Understanding and Reasoning About Fairness in Machine Learning Pipeline
Machine learning (ML) models are increasingly being used in important decision-making software such as approving bank loans, recommending criminal sentencing, hiring employees, and so on. In recent times, many incidents have been reported where the ML models exhibited unfairness or societal bias among people based on their protected attributes such as race, sex, age. Research has been conducted to measure the bias effectively and mitigate them using fairness-aware algorithms. Our research aims at identifying the root cause of unfairness and verify the fairness constraints in complex ML systems. First, we conducted an empirical study on real-world ML models to evaluate fairness using different criteria, successful mitigation techniques, and their impacts. We found several software constructs and fairness patterns that call for further research in the area. Second, we observed that bias is often ingrained in data, and the classifier in ML pipeline is not the only component responsible for unfairness. We leveraged the causal method to isolate the fairness impact of data preprocessing stages in the pipeline. Finally, we propose to provide the predicate transformer semantics for white-box fairness verification. The verifier will compute the weakest precondition of specific fairness requirements to certify whether the model is fair. We also propose to leverage the semantics towards real-time fairness monitoring and reason about fairness composition in the multi-decision ML pipeline.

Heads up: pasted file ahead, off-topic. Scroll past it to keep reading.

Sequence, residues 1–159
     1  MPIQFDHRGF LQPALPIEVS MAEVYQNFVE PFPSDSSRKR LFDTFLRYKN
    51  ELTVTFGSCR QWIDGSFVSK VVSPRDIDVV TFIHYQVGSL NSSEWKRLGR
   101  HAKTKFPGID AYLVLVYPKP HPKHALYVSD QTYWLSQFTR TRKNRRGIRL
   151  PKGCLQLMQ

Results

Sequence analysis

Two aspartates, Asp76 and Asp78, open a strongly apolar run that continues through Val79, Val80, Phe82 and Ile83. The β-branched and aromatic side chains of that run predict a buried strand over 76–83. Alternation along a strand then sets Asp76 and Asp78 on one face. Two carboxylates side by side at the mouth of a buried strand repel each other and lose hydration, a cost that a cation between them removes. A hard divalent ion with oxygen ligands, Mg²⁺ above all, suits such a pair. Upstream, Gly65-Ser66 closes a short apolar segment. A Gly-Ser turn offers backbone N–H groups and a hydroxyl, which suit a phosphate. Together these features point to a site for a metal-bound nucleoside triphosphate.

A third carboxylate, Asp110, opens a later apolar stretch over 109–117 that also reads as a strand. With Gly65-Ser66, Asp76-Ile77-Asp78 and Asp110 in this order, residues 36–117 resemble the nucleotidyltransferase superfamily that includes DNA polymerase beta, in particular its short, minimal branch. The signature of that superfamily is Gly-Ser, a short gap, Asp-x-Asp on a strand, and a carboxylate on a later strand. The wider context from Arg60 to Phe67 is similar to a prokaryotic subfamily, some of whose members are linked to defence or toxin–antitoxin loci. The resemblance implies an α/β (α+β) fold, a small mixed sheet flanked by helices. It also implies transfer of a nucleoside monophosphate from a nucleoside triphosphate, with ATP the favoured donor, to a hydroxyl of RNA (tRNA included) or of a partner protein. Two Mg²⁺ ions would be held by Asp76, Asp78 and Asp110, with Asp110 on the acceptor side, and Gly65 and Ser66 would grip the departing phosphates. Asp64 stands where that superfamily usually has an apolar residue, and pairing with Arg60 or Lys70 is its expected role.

Committee: Hridesh Rajan (major professor), Wei Le, Andrew Miner, Simanta Mitra, and Kevin Liu
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